Colour drenching is a popular paint effect that gives a room a cosy feel
Image credit: Earthborn

Play with trompe-l’œil

The Royal Academy of Arts describe a trompe-l’œil as “French for ‘to deceive the eye’, and an art historical tradition in which the artist fools us into thinking we’re looking at the real thing”. We’re seeing it being brought into our interiors more increasingly, as there’s a sway away from perfection and towards playfulness.

Of course, trompe-l’œil lends itself to being as elaborate as you like. Creating whole scenes, but a simple way of bringing it into your home, is with panelling.

Use masking tape to make your panels, or you can go freehand, as Annie Sloan has done below, and mark out your panels. Have two to three shades of paint, including one light and one dark. Use the lighter paint on the edge of the panels to create highlights of where the light is coming from and use the darker paint for the shadows.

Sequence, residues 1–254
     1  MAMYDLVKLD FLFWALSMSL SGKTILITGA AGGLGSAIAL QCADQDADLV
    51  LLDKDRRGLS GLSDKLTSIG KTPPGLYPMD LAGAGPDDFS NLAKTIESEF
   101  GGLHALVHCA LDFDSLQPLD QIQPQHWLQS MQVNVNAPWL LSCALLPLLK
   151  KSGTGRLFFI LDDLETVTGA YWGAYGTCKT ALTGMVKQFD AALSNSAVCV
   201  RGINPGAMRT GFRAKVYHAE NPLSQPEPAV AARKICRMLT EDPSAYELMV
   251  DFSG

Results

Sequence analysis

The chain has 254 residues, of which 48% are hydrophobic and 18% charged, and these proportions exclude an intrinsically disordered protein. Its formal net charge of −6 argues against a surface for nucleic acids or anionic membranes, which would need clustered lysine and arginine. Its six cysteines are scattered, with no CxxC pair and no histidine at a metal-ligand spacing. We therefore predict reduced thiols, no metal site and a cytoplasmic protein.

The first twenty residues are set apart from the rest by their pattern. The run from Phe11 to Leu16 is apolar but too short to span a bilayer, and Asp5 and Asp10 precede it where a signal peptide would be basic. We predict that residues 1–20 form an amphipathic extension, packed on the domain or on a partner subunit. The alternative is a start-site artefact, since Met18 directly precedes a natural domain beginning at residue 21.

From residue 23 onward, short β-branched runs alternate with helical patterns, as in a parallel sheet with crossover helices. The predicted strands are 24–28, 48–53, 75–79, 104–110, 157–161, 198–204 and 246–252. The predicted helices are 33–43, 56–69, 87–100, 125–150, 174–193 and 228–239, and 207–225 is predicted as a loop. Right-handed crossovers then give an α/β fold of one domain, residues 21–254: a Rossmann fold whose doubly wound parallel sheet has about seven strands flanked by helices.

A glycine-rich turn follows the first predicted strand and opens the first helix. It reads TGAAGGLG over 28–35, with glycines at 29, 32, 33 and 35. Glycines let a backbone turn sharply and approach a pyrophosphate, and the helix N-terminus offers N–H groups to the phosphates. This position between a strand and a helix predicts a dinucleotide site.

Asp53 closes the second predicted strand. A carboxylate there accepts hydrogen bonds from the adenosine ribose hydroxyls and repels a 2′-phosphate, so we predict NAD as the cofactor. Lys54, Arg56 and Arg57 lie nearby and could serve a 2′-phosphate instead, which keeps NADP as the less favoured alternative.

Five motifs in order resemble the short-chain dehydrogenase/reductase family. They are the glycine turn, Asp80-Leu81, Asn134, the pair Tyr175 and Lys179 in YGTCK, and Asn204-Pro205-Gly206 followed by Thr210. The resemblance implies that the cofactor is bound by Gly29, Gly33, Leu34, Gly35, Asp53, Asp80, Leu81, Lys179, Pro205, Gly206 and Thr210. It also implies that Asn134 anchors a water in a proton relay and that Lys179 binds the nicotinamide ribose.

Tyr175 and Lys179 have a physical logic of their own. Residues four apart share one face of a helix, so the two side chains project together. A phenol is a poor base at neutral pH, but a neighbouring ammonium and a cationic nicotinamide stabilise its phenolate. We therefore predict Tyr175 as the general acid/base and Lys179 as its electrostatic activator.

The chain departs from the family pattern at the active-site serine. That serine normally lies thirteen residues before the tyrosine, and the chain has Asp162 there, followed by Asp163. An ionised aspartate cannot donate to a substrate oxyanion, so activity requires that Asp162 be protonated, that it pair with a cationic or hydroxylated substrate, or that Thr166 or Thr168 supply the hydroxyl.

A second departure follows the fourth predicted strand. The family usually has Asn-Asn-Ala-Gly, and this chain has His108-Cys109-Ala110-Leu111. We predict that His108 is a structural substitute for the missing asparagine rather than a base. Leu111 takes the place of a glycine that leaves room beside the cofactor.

Essentially you want to create a 3D effect. Laurence Llewelyn Bowen is a big fan of this technique and has created a video you can follow to paint the look in your own home.

A riff on a trompe-l'oeil is an easy way to add definition to a space
Image credit: Annie Sloan